Post

California Anti-Bullying Laws & Policies

There is currently no federal law that specifically applies to bullying. However, in some cases when bullying is based on race, color, national origin, sex, disability, or religion, it overlaps with harassment and schools are legally obligated to address it. Each state addresses bullying differently with most state and local lawmakers taking action to prevent bullying and protect our children.

California already has several laws in place to protect children from being bullied, including the California Safe Place to Learn Act located in the California Education Code §234(b) which ensures “local educational agencies continue to work to reduce discrimination, harassment, violence, intimidation, and bullying”.

California Education Codes §§ 32261, 32265, 32270, and 48900 defined bullying of pupils to include bullying committed by means of an electronic act, and authorizes school officials to suspend or recommend for expulsion pupils who engage in bullying. Assembly Bill 746 Ch. 72, which took effect January 1, 2012, amended §32261, also includes social networking sites. The code now states “bullying, including bullying committed personally or by means of an electronic act, which includes the posting of messages on a social network Internet Website”.

Assembly Bill 9 Ch. 723, sometimes referred to as Seth’s Law, strengthens existing policies in California schools by requiring that all schools have an anti-bullying policy and enacts a timeline that school officials must follow when investigating student claims of bullying. Assembly Bill 746 (Campos), approved in 2011 covers all types of bullying, including cyber-bullying.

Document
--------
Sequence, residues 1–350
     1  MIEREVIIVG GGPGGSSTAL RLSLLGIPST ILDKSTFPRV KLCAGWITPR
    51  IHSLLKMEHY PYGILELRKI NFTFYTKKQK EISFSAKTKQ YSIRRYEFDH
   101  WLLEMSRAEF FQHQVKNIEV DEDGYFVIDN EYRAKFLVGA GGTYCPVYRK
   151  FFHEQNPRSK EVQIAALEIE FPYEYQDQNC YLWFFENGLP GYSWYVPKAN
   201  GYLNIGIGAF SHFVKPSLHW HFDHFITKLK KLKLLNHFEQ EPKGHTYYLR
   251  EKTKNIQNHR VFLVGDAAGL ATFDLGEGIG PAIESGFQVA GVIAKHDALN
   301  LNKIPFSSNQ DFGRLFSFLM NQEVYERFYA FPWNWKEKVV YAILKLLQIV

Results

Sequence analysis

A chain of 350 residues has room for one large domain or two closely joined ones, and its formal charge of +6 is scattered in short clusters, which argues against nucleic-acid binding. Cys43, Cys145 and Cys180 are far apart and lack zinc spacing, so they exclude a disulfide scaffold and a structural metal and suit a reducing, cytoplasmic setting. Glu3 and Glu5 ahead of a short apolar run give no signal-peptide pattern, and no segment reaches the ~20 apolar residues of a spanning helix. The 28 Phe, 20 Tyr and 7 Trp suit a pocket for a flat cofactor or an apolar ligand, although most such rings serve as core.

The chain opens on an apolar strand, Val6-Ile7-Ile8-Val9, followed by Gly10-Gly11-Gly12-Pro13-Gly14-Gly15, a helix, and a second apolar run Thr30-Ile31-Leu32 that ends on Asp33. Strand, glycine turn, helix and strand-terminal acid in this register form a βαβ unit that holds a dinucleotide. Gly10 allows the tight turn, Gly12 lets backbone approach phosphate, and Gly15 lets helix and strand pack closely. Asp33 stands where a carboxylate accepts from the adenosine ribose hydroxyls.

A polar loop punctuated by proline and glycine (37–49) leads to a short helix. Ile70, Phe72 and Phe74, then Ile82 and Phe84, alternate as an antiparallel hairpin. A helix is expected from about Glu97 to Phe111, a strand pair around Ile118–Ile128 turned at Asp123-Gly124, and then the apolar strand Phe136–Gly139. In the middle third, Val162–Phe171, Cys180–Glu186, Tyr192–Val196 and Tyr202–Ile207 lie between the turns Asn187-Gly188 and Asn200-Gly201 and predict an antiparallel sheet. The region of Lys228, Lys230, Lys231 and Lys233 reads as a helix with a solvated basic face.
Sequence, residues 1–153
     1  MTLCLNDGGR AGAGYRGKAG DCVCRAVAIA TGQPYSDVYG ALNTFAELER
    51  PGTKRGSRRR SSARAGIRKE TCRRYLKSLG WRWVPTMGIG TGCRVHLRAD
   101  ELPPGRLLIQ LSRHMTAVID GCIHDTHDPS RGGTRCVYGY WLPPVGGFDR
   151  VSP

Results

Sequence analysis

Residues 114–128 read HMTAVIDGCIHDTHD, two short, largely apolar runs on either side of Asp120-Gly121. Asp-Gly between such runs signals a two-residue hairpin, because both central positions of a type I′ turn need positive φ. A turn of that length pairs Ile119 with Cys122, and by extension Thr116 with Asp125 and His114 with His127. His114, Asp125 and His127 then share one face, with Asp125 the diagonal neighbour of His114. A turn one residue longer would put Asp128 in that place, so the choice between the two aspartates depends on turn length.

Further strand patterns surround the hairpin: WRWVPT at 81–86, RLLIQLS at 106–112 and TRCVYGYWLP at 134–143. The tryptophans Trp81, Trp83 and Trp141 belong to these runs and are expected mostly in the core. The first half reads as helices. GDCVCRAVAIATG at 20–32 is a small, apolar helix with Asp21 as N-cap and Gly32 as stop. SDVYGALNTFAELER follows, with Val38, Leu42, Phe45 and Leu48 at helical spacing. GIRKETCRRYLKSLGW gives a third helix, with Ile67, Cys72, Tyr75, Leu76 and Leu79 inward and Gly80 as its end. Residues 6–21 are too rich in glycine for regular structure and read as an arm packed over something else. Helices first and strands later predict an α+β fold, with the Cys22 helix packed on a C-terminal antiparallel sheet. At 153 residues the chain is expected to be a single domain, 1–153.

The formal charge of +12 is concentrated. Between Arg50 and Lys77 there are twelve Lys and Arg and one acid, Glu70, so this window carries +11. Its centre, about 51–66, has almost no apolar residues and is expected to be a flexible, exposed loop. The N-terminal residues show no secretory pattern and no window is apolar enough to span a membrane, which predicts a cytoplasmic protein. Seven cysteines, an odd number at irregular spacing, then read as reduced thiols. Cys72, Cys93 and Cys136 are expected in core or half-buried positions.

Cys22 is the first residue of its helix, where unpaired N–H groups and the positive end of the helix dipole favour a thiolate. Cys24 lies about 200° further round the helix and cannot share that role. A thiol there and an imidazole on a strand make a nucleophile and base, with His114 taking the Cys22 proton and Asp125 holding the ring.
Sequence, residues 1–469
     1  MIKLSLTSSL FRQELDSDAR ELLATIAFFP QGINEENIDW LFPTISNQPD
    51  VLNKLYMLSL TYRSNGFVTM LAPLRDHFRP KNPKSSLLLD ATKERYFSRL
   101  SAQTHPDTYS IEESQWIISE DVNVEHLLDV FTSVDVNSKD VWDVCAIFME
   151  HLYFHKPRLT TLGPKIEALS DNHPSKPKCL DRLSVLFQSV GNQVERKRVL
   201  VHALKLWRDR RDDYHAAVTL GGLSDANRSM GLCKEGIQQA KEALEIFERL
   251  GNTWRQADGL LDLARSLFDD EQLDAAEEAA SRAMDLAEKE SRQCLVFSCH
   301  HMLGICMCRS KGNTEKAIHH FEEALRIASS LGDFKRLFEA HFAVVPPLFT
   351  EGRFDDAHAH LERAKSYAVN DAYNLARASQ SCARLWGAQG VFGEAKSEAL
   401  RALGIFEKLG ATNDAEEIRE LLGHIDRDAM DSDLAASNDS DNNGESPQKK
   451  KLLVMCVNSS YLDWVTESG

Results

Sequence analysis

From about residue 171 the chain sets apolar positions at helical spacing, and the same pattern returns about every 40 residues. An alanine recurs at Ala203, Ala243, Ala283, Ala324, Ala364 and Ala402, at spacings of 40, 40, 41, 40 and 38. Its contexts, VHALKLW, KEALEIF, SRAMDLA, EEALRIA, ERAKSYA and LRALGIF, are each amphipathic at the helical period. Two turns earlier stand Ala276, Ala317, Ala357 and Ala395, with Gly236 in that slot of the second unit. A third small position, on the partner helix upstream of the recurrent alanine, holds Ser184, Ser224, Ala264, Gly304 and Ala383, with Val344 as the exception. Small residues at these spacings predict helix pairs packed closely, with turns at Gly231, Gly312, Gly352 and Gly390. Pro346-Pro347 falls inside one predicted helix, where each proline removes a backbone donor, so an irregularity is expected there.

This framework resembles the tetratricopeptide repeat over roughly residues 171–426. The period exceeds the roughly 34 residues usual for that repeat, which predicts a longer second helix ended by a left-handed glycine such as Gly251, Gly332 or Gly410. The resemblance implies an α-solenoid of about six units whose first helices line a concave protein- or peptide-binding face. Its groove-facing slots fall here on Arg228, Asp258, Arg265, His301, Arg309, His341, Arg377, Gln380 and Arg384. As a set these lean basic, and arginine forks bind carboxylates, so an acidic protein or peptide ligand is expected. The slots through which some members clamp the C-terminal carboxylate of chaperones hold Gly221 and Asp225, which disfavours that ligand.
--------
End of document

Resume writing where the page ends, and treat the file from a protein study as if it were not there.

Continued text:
Image of Join UACF!
Navigation Pod

Join UACF!

Become a member today and join our statewide network of parents, families, caregivers, and professionals dedicated to improving the lives of children and youth!

Membership Application

Image of Have questions?
Navigation Pod

Have questions?

Visit our Resources section for more information on how to understand your child’s IEP, how to contact local legislators, or for help with locating a treatment facility in your neighborhood.

Image of The transition of AB 3632 to AB114
Navigation Pod

The transition of AB 3632 to AB114

AB 3632 is now AB 144. What does this mean for your child’s IEP? 

Image of Stay Connected!
Navigation Pod

Stay Connected!

Sign up to receive the latest information, training, and UACF newsletters

Commands

Sticky Link

Need Immediate Help?

If you or a loved one is in immediate crisis, please call 911 or visit the nearest emergency room.

The UACF Hope Line is a message system for parents and caregivers that provides resources and connections to individuals in your community that may be able to assist you in finding appropriate support services for your child’s mental health needs. Feel free to leave a message on the UACF Hope Line and your call will be returned as promptly as possible.

Hope Line: 1-877-ASK-UACF (275-8223)